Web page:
Mabokela, Reitumetse Obakeng. "Negotiating race and gender identity in the knowledge age" Paper presented at the annual meeting of the 55th Annual Conference of the Comparative and International Education Society, Fairmont Le Reine Elizabeth, Montreal, Quebec, Canada, May 01, 2011 <Not Available>. 2014-11-26 <http://citation.allacademic.com/meta/p486881_index.html>

APA Citation:

Mabokela, R. , 2011-05-01 "Negotiating race and gender identity in the knowledge age" Paper presented at the annual meeting of the 55th Annual Conference of the Comparative and International Education Society, Fairmont Le Reine Elizabeth, Montreal, Quebec, Canada <Not Available>. 2014-11-26 from http://citation.allacademic.com/meta/p486881_index.html

Publication Type: Conference Paper/Unpublished Manuscript
Review Method: Peer Reviewed
Abstract: Globalization has played a significant role in redefining the role and identity of higher education institutions across the world and universities in developing are no exception. Education policies in many developing countries have historically favored and funded the development of basic education; however there has been a gradual shift in national policies towards investing in higher education sector. This trend is also evident in the funding priorities expressed by major external donor agencies, such as USAID. Using South Africa as a case study, this presentation examines how higher education institutions in this country have negotiated the tension between the national objective to create equitable and accessible universities on the one hand, while also seeking to be an active player and leader in the knowledge era. Taking into consideration the significant role racial politics have played historically and even in the post-apartheid era in this country, this chapter specifically explores how the intersection of race and gender has impacted South African universities’ efforts to create an equitable and accessible system of higher education, that will launch South Africa as a critical player in the global academic arena.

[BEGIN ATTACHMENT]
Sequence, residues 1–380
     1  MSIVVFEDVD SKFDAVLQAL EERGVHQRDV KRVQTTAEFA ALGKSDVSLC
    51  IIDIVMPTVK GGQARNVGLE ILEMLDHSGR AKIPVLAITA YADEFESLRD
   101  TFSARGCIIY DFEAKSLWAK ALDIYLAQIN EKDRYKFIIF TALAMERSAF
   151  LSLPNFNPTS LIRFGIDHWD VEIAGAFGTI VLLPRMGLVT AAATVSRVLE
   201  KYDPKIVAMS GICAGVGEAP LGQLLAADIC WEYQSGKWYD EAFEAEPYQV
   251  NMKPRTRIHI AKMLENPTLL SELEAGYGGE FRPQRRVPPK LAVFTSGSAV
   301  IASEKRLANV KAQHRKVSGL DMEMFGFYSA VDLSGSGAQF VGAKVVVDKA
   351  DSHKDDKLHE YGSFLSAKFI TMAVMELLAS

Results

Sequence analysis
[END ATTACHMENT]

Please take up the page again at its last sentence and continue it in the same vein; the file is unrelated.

To ground the argument presented, this presentation begins with an overview of the global status of women in higher education by drawing insights from both developed and developing countries, to understand where South African women academics fit within this landscape. To further explore the public good debate, as exemplified by vigorous debates about access and equity within higher education in South Africa, the second part of this presentation examines the centrality of cultural identity in the post-secondary education sector in this country. Given the history of South Africa, it is challenging to effectively implement a public system of higher education without interrogating and seeking to redress injustices created by the apartheid legacy. To this end, race and gender are still part of the identity of higher education institutions and their constituents. The final part of this presentation highlights continuing challenges that impact academic and professional experiences of African (or Black) women, who despite the passage of various gender policies, continue to be systemically marginalized.